It’s that time again, the fifth annual Horizon Unlimited motorcycle event is being held at the Mariposa County Fairground. This year, I offered to volunteer on behalf of a charity organization called Lost for a Reason.
When I registered for the event, I asked one of the organizer if they still needed presenters and of course she said that they still needed to fill some time slot. Thinking it was like Overland Expo event, I submitted several ideas but I didn’t realize that they would choose both topics I presented. Yikes, I had less than two weeks to get a new laptop and to look through over 2,000 pictures that I took on the trip to use in both presentations.
The first hurdle I had to jump since I got back from the road was dealing with the bank. I went on a Sunday to buy the new laptop but my bank declined it. Uh? I know that I have enough money in my account so I was baffled as to why it would be declined. Since, it is a local credit union, I won’t be able to address the issue until Monday. Sigh, it has not been a smooth transition ever since I have gotten back home. After discussing it with the bank and which I have forgotten about is that I had them put a $500 dollar cap on all charges before I went on the road. So once I have cleared up that hurdle I went back and purchased the laptop and began the process of installing all of the necessary softwares which took several days.
Then I could finally proceed with putting together the slide show for the two presentations. The first one was called “Roadside America – Unusual attractions, tourist traps, other oddities in the USA” This presentation was all about America obsession with quirky billboards and giant statues that still litter along the highway. The second presentation was about “Life Lesson from the Road” and was more emotional and harder for me to put to together. When I started this journey, I wanted to share experiences, strength and hope but it is I who ended up learning more about herself. Plus when looking through the all of the pictures, I discovered that it was mostly that the people I met along way who gave me experiences, strength and hope.
Whew, I finished working on my slide show presentation the day before I needed to hit the road to Horizon Unlimited. Last year, I took a scenic route up there but since Purple is drinking oil a little bit too much for my taste, so I decided that this year, I would take the most direct route up there. Part of it is on Highway 58, which I finally stopped at a museum that I have been wanting to visit probably a million times since this is the same route I used to take to go to the Corporate office who I used to work for.
The museum is in a small town call Boron which is home to the U.S. Borax Boron Mine, California’s largest open-pit mine, which is also the largest borax mine in the world. Back in the old days, the borax was hauled out of there via a Twenty-mule teams. They were teams of eighteen mules and two horses attached to large wagons that traveled from Death Valley across the Mojave Desert to the nearest railroad spur, 165 miles (275 km) away in Mojave, California. There were miniature version of the twenty-mule team and other artifacts about the mining life in Boron.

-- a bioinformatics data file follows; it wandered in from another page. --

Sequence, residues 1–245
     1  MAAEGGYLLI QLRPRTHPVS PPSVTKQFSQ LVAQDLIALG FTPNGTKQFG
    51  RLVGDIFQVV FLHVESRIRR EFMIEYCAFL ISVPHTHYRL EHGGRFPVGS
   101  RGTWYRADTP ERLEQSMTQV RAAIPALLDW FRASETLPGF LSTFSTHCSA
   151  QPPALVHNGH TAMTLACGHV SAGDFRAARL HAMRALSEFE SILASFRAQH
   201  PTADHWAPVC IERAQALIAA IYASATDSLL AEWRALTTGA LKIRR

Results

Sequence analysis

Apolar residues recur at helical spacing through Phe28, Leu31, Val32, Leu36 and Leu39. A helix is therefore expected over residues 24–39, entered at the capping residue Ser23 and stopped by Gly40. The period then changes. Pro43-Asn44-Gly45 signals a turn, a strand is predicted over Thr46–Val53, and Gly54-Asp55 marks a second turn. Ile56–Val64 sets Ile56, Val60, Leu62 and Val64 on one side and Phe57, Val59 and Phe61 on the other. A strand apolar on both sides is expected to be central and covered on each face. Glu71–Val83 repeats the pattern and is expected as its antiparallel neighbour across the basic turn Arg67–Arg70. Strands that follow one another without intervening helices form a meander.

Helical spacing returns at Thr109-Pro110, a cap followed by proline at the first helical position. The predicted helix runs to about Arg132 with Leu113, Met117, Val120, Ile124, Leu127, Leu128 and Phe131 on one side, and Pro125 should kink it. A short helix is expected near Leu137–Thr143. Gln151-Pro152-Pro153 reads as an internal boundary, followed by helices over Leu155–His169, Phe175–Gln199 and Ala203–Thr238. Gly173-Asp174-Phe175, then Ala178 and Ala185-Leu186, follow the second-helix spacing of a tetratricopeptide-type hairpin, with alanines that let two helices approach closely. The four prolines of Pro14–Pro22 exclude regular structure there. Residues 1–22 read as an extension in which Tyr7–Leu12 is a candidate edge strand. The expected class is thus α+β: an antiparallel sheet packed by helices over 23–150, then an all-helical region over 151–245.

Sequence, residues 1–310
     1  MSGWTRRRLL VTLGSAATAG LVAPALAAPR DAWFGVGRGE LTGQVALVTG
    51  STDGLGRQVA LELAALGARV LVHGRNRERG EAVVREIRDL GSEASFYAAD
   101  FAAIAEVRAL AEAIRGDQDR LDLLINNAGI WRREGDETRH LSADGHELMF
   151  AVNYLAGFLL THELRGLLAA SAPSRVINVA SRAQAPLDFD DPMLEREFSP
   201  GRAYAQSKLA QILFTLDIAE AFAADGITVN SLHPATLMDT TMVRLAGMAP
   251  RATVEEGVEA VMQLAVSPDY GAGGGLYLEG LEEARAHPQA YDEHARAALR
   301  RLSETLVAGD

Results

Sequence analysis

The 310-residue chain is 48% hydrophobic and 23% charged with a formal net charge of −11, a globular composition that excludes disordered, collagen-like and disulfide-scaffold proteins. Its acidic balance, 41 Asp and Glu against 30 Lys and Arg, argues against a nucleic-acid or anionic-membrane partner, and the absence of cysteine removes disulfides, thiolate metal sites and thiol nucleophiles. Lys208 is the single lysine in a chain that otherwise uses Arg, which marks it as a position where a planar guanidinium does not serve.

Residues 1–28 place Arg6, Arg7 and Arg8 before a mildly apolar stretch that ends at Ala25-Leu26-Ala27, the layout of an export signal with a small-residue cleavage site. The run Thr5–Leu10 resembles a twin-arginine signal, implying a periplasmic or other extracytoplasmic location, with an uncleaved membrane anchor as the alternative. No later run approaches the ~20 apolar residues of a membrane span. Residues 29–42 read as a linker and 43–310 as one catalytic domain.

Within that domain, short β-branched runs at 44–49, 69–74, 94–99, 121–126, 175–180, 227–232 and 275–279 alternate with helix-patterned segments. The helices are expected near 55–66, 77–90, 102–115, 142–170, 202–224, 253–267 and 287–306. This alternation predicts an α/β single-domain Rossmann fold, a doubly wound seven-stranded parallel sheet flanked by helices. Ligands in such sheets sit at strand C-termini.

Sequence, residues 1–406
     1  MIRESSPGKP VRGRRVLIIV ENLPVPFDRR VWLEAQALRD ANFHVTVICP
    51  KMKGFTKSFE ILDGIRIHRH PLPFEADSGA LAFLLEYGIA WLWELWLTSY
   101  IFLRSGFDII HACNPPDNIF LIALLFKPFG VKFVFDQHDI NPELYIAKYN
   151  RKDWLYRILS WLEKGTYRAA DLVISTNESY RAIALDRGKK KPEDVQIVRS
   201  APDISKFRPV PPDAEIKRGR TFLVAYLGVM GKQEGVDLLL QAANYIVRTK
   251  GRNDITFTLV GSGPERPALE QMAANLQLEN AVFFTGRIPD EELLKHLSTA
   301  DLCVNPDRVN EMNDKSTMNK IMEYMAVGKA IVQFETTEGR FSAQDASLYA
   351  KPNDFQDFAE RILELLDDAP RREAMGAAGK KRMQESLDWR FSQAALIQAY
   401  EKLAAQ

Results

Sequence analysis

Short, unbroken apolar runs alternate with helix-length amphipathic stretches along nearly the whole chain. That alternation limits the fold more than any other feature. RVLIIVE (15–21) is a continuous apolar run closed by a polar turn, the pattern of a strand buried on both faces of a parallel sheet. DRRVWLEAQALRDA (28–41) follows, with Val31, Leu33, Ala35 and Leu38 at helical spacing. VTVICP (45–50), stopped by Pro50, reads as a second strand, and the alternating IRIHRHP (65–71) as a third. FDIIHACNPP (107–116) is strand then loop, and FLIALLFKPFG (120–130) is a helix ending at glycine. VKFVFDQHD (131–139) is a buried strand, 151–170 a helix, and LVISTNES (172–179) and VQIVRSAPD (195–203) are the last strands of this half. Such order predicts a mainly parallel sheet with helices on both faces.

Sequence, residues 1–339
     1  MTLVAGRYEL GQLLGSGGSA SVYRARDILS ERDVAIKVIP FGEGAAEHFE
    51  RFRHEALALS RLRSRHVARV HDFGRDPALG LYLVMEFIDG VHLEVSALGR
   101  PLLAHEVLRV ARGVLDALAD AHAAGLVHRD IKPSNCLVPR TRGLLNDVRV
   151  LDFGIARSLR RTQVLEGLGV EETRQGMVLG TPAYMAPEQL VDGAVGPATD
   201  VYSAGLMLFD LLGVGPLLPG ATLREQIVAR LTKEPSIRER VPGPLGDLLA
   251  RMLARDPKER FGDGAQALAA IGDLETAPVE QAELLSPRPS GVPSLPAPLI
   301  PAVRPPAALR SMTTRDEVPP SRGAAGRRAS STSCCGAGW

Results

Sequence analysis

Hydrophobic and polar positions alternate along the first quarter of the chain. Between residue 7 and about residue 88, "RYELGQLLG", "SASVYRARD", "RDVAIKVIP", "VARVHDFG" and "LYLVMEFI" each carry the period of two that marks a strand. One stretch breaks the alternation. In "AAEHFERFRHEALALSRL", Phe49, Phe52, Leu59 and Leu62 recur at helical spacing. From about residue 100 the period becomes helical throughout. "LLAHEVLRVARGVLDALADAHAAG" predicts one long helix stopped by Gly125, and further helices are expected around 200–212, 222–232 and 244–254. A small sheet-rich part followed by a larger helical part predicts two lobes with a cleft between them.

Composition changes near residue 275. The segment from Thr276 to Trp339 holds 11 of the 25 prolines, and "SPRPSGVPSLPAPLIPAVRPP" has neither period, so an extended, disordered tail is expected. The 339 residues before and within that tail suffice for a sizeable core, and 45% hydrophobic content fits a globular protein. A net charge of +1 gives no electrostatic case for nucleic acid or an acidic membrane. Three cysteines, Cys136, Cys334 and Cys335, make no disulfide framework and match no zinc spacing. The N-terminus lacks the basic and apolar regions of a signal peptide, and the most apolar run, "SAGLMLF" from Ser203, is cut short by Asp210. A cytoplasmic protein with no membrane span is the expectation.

I got an unexpected surprise when I stopped to visit the Twenty-Mule Museum, there was another museum next door. The Saxon Aerospace museum displays a collection of artifacts from the Edwards Air Force Base which is famous for its role in flight research and test pilot heroics such as Chuck Yeager.
Since the event was over 300 miles away and I typically only go about 150 miles per day when I’m traveling, I stayed the night in a small town called Porterville and hit the road early the next day so I can make it in time for my 2 p.m. presentation. Only twenty-eight miles out, my chain broke again. Sigh, I seem cursed when I head to this event. You may remember last year on my way home, I broke the throttle cable and had to camp out in the middle of a blizzard. Before I hunkered down to work on the chain to see what broke, I decided to call AAA just in case knowing that it usually take anywhere from thirty minutes to an hour for them to show up. It’s a good thing that I did, as I took the chain guard off and tried to wiggle the chain out of the bike, I noticed that it is wrapped up in the motor near the front sprocket. This is not a good sign! So it is a good thing that I already called AAA. Wow, they showed up in less than thirty minutes and I got two of them to show up at the same time. I guess they got excited when they heard over the radio that a female motorcycle rider is broken down on the side of the road. After looking at my bike and reading where AAA wanted them to take my bike, they decided it would be better to take me to a Yamaha dealer forty-five miles away instead.
When we arrived at the dealer, they were able to work on it right away and the progress was not looking good since they had to take the side cover off and cut the chain out since it was wrapped up several times around the front sprocket. We didn’t know what the condition of the sprocket would be in and they didn’t have one on hand. However, they could get one within the same day if needed to. I was probably the worst customer they had since was pacing back and forth in front of the garage and looking at my watch calculating to see what the latest time I had to leave in order to make it in time to my presentation. Well, I got the good news about thirty minutes I had to be on the road that the sprocket is in fair and should hold up until I get back home. As soon as Purple was put back together, I jumped up on her and rode her for two and half hour straight to get the event with ten minutes to spare, whew!